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Stateside

Here you'll find the full program for Michigan Radio's Stateside. To find the individual segments and posts, go here.

Stateside 4.21.2017

Apr 21, 2017

Today on Stateside, we hear why a porn site funded a University of Michigan student's research on monogamous rodents. And, Flint's Dr. Mona Hanna-Attisha explains why she's going to this weekend's March for Science.

Stateside 4.20.2017

Apr 20, 2017

Today on Stateside, we hear the answer to listener Ashley Lewis' question: What's the origin of the Sleeping Bear Dunes story? And, we learn why one tech executive chose Ann Arbor over Paris.

Stateside 4.19.2017

Apr 19, 2017

Today on Stateside, GOP Rep. Upton explains why he opposes the rumored closure of EPA's Region 5 office. And, we learn how "wildcat banks" ran wild in the earliest years of Michigan's statehood.

Stateside 4.18.2017

Apr 18, 2017

Today, Stateside launches a new regular segment called Theater Talk to spotlight Michigan's professional stage scene. And, we hear about a plan to fix Detroit's dangerous air quality.

Stateside 4.17.2017

Apr 17, 2017

Today on Stateside, we hear from a Detroit man who spent three years in prison fighting to prove his innocence. And Michigan Radio's sports commentator John Bacon explains why the NHL's decision to bail on the 2018 Olympics is "dumb, dumb and dumber."

Stateside 4.14.2017

Apr 14, 2017

Today on Stateside, we hear why the nuclear industry blames government for not providing a permanent way to store nuclear waste. And, a visit to Scott Smith Pipe Organs takes us into the holiday weekend.

Stateside 4.13.2017

Apr 13, 2017

Today on Stateside, we hear about an event designed to train imams and other faith-based leaders to spot the first signs of mental illness. And, we get a sneak peak of the first-ever musical version of "Into the Wild," premiering in Dexter.

Stateside 4.12.2017

Apr 12, 2017

Today on Stateside, we learn that the Red Wings' first outdoor game wasn't in a big stadium. It was at a prison. And, women are more stressed than men, so why do they live longer?

Stateside 4.11.2017

Apr 11, 2017

Today, Michigan lawmakers moved towards dropping the foreign language requirement to graduate from high school. Is this taking students in the wrong direction? Then, we talk with the first teacher certified to teach Anishinaabemowin. Plus, a new report finds colleges are balancing their books on the backs of part-time faculty.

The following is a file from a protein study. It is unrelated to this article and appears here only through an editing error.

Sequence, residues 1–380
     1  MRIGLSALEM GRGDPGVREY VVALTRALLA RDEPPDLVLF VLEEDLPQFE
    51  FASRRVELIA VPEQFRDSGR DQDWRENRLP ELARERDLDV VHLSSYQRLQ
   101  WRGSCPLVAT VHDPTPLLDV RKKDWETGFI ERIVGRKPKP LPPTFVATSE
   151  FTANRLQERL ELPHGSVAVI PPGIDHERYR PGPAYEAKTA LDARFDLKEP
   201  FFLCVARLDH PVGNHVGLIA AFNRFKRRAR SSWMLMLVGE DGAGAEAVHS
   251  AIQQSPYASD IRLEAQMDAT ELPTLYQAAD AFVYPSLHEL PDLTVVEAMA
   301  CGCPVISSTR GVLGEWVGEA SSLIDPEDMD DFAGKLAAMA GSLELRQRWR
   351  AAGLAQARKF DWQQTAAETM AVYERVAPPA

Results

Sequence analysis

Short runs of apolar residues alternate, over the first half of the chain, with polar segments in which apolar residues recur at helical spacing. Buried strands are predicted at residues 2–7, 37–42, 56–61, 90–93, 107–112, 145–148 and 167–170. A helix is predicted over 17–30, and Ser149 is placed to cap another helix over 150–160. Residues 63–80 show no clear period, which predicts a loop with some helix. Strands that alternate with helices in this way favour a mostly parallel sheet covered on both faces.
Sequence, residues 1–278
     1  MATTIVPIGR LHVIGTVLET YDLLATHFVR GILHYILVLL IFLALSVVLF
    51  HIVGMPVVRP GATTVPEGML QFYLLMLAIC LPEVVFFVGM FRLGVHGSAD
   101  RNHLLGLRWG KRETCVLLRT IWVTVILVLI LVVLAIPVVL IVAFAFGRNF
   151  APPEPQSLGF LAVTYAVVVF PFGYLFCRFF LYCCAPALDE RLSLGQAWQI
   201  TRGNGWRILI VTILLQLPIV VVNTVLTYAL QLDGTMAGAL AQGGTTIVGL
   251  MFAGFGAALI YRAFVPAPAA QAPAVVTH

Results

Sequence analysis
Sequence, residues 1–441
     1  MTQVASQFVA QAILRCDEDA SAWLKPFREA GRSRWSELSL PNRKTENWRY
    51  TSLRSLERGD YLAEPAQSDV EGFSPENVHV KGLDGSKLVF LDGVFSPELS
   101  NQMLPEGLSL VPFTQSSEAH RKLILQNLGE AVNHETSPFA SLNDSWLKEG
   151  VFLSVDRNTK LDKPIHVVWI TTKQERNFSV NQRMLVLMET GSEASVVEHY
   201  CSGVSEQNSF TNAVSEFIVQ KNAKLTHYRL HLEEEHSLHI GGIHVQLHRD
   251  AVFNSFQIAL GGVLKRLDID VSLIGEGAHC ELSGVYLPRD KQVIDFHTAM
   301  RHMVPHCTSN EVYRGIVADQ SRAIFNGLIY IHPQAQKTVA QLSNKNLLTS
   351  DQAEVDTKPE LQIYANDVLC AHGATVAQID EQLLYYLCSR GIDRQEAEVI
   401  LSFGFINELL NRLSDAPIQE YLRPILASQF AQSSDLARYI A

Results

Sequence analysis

Stateside 4.10.2017

Apr 10, 2017

Today, we hear from a woman who served four years in prison for child abuse she didn't commit. And, we learn how much hope Michigan's Syrian-Americans are taking from President Trump's decision to launch cruise missiles at a Syrian airbase.

Stateside 4.7.2017

Apr 7, 2017

Today on Stateside, we learn what's at stake if Republicans cut regulation on concealed weapons and vaccinations. And, we're joined by creators and stars of Comedy Central's Detroiters. They explain how local favorites like fowling and Mel Farr Superstar made their way into the show.

Stateside 4.6.2017

Apr 6, 2017

Today, we learn how heirloom seeds could strengthen our food system in the face of climate change and other weather events. We also hear about the "torture, abuse and suffering" that preceded the death of a young Marine recruit from Michigan. 

Stateside 4.5.2017

Apr 5, 2017

Today on Stateside, a woman with mental illness weighs in on the future of behavioral health services in Michigan. And, we learn how researchers aim to make rocket engines more stable (which will better our chances of getting to Mars).

Stateside 4.4.2017

Apr 4, 2017

A recent dip in auto sales could lead to production cuts, but today we learn why you shouldn't panic just yet. We also hear from the Port Huron man who claims he's still the world's greatest whistler, and the first American to win Japan's biggest poetry prize.

Stateside 4.3.2017

Apr 3, 2017

Tonight, when March Madness officially ends, an anthem will play just as it has each year since 1987. On Stateside today, we hear from the Michigander who wrote the song. And, we learn how a Michigan woman's story of abuse forever changed America's view of domestic violence.